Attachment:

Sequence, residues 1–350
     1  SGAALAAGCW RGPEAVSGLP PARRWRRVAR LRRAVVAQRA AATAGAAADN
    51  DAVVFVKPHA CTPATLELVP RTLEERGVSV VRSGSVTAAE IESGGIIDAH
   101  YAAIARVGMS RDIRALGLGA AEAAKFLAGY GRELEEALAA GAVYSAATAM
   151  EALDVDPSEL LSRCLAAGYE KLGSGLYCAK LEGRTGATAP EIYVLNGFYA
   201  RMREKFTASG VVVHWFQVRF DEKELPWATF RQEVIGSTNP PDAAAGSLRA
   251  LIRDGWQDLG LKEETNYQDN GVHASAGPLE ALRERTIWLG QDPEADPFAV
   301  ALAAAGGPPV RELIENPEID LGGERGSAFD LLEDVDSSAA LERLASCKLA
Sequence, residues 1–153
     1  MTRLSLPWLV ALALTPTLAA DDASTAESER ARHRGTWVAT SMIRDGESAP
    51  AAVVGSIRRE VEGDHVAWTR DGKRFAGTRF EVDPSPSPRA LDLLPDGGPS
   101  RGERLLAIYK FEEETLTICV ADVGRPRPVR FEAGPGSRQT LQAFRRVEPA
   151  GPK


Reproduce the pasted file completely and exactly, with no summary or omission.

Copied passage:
Sequence, residues 1–350
     1  SGAALAAGCW RGPEAVSGLP PARRWRRVAR LRRAVVAQRA AATAGAAADN
    51  DAVVFVKPHA CTPATLELVP RTLEERGVSV VRSGSVTAAE IESGGIIDAH
   101  YAAIARVGMS RDIRALGLGA AEAAKFLAGY GRELEEALAA GAVYSAATAM
   151  EALDVDPSEL LSRCLAAGYE KLGSGLYCAK LEGRTGATAP EIYVLNGFYA
   201  RMREKFTASG VVVHWFQVRF DEKELPWATF RQEVIGSTNP PDAAAGSLRA
   251  LIRDGWQDLG LKEETNYQDN GVHASAGPLE ALRERTIWLG QDPEADPFAV
   301  ALAAAGGPPV RELIENPEID LGGERGSAFD LLEDVDSSAA LERLASCKLA
Sequence, residues 1–153
     1  MTRLSLPWLV ALALTPTLAA DDASTAESER ARHRGTWVAT SMIRDGESAP
    51  AAVVGSIRRE VEGDHVAWTR DGKRFAGTRF EVDPSPSPRA LDLLPDGGPS
   101  RGERLLAIYK FEEETLTICV ADVGRPRPVR FEAGPGSRQT LQAFRRVEPA
   151  GPK